Vagabonding Case Study: Karol Gajda

On August 28th, 2015

Karol Gajda of

Age: 34

Hometown: I was born in Wrocław, Poland, but I grew up in Michigan.

Quote: This changes often so I’ll choose one of my favorites that can be used along the vagabonding theme.
“There is no tomorrow! There is no tomorrow! There is no tomorrow!” – Apollo Creed, Rocky III

How did you find out about Vagabonding, and how did you find it useful before and during the trip?

I heard about it through 4 Hour Work Week about 3 years ago. I immediately picked it up and devoured it. I had never gone on any sort of long term travel before so Vagabonding was exceptionally useful. If for no other reason than inspiration.

How long were you on the road?

I left the US on Sept 1, 2009 and, technically, I’m still on the road. But I’ve been mostly back in Wrocław, Poland since mid-2012.

Where did you go?

Mostly Poland for the past 3 years. Prior to that a few months here and there in each of Australia, New Zealand, India, Thailand, Panama, Costa Rica, and Hungary. I also spent a couple weeks or less in approximately 2 dozen more countries. And I spent probably 1 cumulative year in the US over the past 6 years. Mostly in Austin, TX.

What was your job or source of travel funding for this journey?

I’ve been self-employed in marketing, since the year 2000.

Did you work or volunteer on the road?

Work, yes. I also volunteered a few times, but rarely.

Of all the places you visited, which was your favorite?

My favorite cities in the world used to be Austin, TX, Chiang Mai, Thailand, and Wrocław, Poland. But I wouldn’t necessarily say that anymore. Currently, I have no favorite.

Was there a place that was your least favorite, or most disappointing, or most challenging?

Costa Rica has probably been the most overrated and underwhelming place I’ve visited. Is the Arenal volcano still being marketed as active? That was definitely the most disappointing experience in my least favorite country. I spent a month in Costa Rica and I don’t plan on returning. Although I did find gallo pinto tasty so CR wasn’t all bad.

Which travel gear proved most useful? Least useful?
My laptop, by far, has been most useful. I have a 2010 13” Macbook Air that has served me well for nearly 5 years now. I don’t have a least useful piece of gear. I use everything I pack and I pack everything in a 36L backpack with room to spare, as well as a small messenger bag for the laptop.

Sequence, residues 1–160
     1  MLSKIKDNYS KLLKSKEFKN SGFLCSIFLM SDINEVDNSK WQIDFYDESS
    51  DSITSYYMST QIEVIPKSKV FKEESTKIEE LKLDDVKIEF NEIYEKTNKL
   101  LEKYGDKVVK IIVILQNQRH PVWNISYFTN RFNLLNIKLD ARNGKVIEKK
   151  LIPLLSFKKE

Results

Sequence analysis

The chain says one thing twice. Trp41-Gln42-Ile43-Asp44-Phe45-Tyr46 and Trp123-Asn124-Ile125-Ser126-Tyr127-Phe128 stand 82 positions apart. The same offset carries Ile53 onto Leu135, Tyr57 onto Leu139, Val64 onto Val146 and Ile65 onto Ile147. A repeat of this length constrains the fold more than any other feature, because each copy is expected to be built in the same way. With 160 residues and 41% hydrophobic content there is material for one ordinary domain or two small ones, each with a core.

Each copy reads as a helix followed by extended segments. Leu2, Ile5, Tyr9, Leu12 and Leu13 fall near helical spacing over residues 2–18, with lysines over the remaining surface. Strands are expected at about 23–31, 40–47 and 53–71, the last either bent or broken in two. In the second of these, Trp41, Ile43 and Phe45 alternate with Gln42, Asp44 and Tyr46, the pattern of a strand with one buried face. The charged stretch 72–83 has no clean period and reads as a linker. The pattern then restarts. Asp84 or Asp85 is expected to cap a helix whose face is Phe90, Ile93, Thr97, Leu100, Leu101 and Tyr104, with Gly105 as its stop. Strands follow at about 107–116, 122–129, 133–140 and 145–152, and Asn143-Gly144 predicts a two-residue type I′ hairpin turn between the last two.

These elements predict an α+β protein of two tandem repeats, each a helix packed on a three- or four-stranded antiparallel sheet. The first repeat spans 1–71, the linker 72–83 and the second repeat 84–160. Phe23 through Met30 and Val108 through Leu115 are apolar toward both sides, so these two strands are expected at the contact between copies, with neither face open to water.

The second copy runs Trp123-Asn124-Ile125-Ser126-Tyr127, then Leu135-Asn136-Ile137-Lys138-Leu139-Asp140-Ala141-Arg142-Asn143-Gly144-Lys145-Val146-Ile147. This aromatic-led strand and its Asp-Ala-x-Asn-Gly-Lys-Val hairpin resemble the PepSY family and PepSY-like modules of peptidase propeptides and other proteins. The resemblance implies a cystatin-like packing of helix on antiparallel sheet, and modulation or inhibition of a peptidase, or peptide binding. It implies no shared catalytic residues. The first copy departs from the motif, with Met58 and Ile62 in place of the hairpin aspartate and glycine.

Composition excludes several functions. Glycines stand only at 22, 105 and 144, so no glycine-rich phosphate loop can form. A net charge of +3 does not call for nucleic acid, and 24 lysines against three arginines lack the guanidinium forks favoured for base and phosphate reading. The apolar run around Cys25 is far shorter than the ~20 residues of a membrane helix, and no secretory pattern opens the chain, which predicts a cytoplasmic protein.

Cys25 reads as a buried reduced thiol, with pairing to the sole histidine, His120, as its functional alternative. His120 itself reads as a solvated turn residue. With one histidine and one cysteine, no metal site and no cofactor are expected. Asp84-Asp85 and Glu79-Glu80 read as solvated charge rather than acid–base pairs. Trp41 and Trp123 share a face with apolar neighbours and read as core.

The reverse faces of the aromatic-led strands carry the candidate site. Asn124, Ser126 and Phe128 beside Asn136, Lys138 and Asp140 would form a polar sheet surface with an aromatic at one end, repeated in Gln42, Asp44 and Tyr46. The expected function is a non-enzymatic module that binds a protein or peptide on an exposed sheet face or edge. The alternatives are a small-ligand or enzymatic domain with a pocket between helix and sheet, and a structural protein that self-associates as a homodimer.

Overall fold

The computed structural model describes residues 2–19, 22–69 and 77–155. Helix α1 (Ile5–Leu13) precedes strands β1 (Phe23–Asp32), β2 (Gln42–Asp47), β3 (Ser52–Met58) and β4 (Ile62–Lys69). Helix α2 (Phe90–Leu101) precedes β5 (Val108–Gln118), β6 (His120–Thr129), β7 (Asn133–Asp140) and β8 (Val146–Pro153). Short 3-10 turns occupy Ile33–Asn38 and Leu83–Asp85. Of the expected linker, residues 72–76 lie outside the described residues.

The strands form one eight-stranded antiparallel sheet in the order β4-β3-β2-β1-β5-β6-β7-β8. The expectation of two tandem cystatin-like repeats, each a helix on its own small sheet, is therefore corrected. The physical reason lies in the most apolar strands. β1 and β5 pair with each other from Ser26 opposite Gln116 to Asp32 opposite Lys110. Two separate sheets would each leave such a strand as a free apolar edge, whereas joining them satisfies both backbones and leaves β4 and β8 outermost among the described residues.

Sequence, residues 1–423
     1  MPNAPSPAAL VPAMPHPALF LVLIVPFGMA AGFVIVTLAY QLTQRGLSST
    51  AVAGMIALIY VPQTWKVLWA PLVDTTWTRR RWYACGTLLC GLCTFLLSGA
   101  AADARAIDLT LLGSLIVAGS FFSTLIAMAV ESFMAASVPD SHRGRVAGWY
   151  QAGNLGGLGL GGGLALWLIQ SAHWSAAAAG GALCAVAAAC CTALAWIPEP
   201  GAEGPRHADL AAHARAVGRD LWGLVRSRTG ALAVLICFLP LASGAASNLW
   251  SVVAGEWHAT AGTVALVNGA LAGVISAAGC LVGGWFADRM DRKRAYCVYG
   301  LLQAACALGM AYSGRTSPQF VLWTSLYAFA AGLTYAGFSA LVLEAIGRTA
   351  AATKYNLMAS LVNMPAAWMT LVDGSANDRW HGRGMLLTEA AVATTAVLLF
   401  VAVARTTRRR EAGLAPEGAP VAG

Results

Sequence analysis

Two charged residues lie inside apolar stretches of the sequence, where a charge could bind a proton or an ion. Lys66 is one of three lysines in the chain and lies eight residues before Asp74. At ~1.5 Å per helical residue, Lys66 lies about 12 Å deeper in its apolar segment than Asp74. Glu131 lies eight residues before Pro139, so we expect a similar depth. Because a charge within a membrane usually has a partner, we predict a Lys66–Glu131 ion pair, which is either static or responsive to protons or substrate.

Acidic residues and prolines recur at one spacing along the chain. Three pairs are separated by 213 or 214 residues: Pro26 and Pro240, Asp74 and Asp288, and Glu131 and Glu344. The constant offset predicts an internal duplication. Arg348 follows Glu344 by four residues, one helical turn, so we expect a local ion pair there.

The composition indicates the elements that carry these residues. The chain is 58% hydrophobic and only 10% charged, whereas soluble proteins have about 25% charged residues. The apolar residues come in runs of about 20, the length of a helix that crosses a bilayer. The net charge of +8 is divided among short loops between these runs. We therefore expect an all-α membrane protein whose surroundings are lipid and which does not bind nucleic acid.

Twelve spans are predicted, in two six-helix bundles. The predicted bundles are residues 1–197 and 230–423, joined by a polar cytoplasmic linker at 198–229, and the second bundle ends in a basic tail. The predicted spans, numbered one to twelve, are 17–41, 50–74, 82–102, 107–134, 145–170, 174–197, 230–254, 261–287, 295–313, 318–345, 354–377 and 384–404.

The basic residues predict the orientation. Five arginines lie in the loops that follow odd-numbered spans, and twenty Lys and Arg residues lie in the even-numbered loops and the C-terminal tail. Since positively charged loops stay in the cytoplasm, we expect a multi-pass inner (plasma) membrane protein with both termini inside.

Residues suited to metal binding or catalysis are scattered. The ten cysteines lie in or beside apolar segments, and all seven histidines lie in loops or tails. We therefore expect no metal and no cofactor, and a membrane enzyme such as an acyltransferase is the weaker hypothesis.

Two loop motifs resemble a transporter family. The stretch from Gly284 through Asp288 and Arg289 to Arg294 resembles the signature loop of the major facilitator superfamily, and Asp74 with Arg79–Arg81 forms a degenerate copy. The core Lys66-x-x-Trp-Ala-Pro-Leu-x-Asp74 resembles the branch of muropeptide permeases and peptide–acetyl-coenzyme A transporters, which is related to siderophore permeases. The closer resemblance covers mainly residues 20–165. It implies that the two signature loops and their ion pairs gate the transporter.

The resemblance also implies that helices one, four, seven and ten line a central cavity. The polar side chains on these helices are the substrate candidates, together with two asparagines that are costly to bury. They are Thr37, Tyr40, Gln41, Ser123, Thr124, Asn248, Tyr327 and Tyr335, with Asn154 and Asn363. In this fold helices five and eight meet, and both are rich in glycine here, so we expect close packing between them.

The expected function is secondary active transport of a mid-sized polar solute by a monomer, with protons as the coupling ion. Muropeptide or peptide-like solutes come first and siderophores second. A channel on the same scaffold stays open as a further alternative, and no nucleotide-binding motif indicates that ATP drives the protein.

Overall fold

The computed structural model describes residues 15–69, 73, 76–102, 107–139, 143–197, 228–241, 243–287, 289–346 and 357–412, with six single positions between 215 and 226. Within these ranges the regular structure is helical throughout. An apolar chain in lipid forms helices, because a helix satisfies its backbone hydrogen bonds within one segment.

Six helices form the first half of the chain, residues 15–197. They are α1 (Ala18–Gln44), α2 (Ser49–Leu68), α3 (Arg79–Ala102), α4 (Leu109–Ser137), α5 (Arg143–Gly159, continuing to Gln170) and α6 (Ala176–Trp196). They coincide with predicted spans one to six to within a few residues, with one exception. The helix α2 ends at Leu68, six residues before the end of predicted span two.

What are the rewards of the vagabonding lifestyle?

Generally, it’s the people I’ve met. Even though I don’t keep in touch or remember most of them.

What are the challenges and sacrifices of the vagabonding lifestyle?

Relationships. I got married so the romantic relationship worked out! But friendships are much more difficult when you know your time in a place is limited and I feel like most of my older friendships have suffered due to being out of sight and out of mind.

What lessons did you learn on the road?

This will probably surprise a lot of people, but I learned that I actually want to move back to the US for an extended period of time. There is a lot there I still haven’t seen and it will be nice to be nearer to friends and family. To put it more succinctly, I learned that relationships matter and a person like me has trouble with them if they have geographical constraints.

How did your personal definition of “vagabonding” develop over the course of the trip?

I would liken it to absolute freedom. Being able to do almost anything at any time. Although, if I’m being honest, I now prefer a non-vagabonding lifestyle with stints of vagabonding thrown in.

If there was one thing you could have told yourself before the trip, what would it be?

You started too late. But better now than never. Go, go, go!

Any advice or tips for someone hoping to embark on a similar adventure?

It’s not for everyone and don’t do it because you read an article or saw some blogger’s edited view point. Do it because you want to. And if you want to, do it while you’re healthy enough to enjoy it.

When and where do you think you’ll take your next long-term journey?

A road trip around the US, hopefully in 2016.

Read more about Karol on his website, Karol.Gajda.

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Image: Andi Campbell-Jones (flickr)